Google announced yesterday (Dec. 23) it is testing out a new way for users to gain access to their Google accounts without needing to type out a password.
With the new login method, a push notification is sent to a user’s smartphone and access is then authenticated by a response to the message. The password-free login option requires that users only enter their email address when attempting to sign in to their Google account before the authentication notification is sent. Upon approving the login attempt, users will be provided access to their account.
“We’ve invited a small group of users to help test a new way to sign in to their Google accounts, no password required. ‘Pizza,’ ‘password’ and ‘123456’ — your days are numbered,” a Google spokesperson toldTechCrunch, confirming that the new experience is in the works.
The password-less push is not a new trend; passwords for digital accounts have become almost as ubiquitous as the devices they’re used to access, and the statistics paint a scary picture.
According to Entrepreneur, the three most common passwords in 2014 were, shockingly, “123456,” “PASSWORD” and “12345.” It’s clear that passwords aren’t the strict security measure they were intended to function as.
In October, Yahoo announced that it would be doing away with passwords for users with Yahoo Mail accounts on iOS and Android. Instead of forcing users to remember complex and cryptic codes, Yahoo is instituting a new Yahoo Account Key service that will use smartphones to verify users’ identities and grant account access.
Dylan Casey, vice president of product management at Yahoo, explained in a statement that the new service is a natural extension of what Yahoo has been doing and what consumers want.
“Passwords are difficult to remember, and secondary sign-in verification is inconvenient and confusing,” Caseysaid. “Earlier this year, we launched on-demand passwords using an SMS code. We’re now taking a major leap towards a password-free future with the launch of Yahoo Account Key, which uses push notifications to give users simple and secure access using their mobile device.”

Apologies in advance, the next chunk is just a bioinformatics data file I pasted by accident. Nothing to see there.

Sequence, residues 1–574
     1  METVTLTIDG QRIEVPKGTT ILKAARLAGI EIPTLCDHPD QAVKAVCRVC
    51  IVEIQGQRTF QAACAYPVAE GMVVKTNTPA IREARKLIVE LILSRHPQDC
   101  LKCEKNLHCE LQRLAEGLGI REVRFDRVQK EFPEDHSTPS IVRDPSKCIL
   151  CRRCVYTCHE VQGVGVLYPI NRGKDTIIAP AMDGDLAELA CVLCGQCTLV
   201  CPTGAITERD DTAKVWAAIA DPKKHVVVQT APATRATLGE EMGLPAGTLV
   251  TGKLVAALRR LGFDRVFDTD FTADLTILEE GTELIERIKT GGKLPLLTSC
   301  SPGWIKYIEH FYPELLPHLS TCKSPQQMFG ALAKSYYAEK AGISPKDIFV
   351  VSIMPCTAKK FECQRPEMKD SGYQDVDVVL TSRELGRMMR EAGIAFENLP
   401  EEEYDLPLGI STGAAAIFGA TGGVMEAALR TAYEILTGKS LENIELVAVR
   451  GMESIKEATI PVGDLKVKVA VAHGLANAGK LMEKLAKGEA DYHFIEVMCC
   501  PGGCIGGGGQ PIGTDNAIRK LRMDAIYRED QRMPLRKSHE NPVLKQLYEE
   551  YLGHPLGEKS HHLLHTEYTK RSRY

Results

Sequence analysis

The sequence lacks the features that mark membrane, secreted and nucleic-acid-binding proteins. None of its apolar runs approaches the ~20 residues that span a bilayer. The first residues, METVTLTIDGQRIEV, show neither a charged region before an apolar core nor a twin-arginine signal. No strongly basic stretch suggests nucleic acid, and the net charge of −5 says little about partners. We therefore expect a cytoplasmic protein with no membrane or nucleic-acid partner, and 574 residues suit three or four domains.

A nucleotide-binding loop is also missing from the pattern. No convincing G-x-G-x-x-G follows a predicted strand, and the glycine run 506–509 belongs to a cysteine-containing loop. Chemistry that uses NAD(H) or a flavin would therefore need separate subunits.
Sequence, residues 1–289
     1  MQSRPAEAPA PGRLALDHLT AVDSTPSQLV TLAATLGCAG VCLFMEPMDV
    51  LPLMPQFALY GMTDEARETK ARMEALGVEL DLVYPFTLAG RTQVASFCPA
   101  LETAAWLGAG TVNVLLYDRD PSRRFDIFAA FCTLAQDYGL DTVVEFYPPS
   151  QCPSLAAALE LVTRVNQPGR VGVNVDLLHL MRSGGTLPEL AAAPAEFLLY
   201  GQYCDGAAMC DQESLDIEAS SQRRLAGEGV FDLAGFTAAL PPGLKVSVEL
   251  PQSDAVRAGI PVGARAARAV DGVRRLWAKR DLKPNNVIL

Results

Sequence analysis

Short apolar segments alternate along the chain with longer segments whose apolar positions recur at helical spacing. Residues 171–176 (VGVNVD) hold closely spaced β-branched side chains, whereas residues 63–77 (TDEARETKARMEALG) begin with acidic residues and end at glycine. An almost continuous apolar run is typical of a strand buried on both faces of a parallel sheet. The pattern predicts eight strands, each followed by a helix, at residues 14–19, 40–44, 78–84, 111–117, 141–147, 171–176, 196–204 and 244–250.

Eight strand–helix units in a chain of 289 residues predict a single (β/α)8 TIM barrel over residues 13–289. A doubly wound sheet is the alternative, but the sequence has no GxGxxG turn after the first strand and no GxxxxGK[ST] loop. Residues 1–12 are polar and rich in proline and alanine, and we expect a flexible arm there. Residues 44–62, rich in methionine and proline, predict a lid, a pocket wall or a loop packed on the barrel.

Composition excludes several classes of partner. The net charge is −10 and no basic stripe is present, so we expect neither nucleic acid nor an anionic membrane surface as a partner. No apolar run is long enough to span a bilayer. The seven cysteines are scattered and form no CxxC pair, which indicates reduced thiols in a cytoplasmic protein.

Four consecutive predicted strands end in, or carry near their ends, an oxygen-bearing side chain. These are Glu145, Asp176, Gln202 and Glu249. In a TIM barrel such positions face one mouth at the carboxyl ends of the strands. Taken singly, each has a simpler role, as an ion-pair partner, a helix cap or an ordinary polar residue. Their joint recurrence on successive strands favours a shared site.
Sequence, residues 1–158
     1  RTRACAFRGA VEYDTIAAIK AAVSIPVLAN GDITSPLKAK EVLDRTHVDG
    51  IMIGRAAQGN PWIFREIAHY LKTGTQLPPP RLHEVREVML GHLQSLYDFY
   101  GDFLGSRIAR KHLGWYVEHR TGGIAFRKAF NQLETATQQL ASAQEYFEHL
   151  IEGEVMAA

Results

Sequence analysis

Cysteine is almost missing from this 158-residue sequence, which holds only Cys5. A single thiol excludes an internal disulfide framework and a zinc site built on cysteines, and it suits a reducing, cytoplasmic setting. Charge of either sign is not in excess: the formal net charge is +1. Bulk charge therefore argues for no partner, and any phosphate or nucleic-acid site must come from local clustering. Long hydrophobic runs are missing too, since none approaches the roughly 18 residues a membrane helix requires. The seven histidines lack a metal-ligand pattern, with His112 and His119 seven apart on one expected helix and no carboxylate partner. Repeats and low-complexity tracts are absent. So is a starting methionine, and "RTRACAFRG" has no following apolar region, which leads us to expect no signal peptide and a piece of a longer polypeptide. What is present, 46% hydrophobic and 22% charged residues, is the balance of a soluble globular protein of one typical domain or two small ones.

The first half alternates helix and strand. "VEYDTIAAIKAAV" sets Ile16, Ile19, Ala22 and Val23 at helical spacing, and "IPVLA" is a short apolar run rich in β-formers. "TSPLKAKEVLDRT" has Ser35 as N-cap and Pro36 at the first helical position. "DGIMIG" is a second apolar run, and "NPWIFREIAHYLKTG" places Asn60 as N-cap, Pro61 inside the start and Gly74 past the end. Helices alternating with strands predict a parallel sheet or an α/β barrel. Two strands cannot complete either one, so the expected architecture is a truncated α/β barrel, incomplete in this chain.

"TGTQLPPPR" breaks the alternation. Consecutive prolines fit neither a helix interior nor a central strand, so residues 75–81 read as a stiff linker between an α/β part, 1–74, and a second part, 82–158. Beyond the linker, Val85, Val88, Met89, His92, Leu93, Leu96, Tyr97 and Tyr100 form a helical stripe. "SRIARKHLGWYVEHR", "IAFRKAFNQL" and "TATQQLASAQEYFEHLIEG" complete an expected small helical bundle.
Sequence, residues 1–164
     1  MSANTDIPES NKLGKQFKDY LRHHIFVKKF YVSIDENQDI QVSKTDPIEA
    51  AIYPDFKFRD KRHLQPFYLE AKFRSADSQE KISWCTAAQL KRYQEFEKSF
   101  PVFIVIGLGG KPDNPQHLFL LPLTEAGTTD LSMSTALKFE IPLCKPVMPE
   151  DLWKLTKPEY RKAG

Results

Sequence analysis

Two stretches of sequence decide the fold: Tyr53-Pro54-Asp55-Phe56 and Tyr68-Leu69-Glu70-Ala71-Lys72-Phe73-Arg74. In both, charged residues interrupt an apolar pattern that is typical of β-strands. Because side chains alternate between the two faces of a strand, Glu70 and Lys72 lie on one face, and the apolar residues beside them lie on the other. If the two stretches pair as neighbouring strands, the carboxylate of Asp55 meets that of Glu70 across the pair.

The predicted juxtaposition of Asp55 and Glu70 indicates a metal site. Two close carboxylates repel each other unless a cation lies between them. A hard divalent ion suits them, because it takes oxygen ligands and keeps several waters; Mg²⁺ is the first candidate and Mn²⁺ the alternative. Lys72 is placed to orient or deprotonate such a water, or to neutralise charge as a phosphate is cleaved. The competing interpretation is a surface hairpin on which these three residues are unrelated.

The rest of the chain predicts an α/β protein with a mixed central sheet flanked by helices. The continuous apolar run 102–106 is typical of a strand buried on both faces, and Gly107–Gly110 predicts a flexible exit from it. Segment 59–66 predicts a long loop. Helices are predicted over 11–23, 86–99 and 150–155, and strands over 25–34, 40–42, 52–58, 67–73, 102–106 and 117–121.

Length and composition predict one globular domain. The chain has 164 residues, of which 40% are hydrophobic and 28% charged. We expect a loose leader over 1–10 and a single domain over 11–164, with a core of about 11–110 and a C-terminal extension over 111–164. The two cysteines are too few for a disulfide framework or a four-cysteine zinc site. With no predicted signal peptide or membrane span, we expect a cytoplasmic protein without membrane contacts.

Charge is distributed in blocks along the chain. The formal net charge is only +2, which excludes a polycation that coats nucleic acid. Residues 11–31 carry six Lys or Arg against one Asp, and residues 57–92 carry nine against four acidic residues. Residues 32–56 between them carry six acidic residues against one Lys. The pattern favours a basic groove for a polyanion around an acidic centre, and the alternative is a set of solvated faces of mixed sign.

Bitcoin’s Christmas Gift? A Better Looking 2016ByPosted on
As expected, 2015 was a turbulent year for bitcoin, with prices fluctuating between its 2015 low of $177.28 (Jan. 14) to its peak of $465.50 (Dec. 15).
But bitcoin’s boost toward the tail end of 2015 could mean a better 2016 for the digital currency that’s been garnering so much attention lately. With the rumors swirling that bitcoin’s creator has been discovered, that’s kept prices high, and some in the industry peg that bitcoin will have a strong start in 2016.
But what else is attributing to this projection? A Reuters piece digs into the slow growth in the money supply as being one that could give bitcoin’s price a boost. Citing the supply-and-demand theory, there’s some who’ve speculated that this could push bitcoin’s price up.
For example, Daniel Masters, cofounder of Jersey-based Global Advisors’ bitcoin hedge fund, believes that bitcoin could jump back around the 2013 all-time high of $1,100. His projections also have bitcoin surging all the way up to $4,400 eventually, according to Reuters.
But that may be far-fetched as many across the financial ecosystem have already called for bitcoin’s demise.
Still, what he attributes to the rise of bitcoin is the rising acceptance of digital payments and companies that have embraced bitcoin as a legitimate payment method. There’s also been an immense amount of attention given to the blockchain — the technology that powers bitcoin transactions.
Masters also suggests that the production rate in the bitcoin mining industry could also give bitcoin’s price a 50 percent boost from today’s price. Because bitcoin is still in its early stages, he believes its true potential has not been realized.
“If OPEC [Organization of the Petroleum Exporting Countries] came out tomorrow and said, ‘In six months’ time, we’re going to halve oil production,’ the oil price would instantaneously react. But the bitcoin market is still in its infancy, and I don’t think that factor is discounted into the price fully,” he told Reuters.
Bobby Lee, CEO of leading Chinese bitcoin exchange BTCC, was quoted as saying that bitcoin could surge as high as $3,500 by the summer of 2016. The value of all bitcoins in circulation today is $6.5 billion.
“Today, the worth of bitcoin is $1 per capita in the world [population],” Lee said in an interview. “For such an innovative, decentralized digital asset, I say, ‘Boy, are we undervaluing it.’ But it takes a while for people to realize that.”
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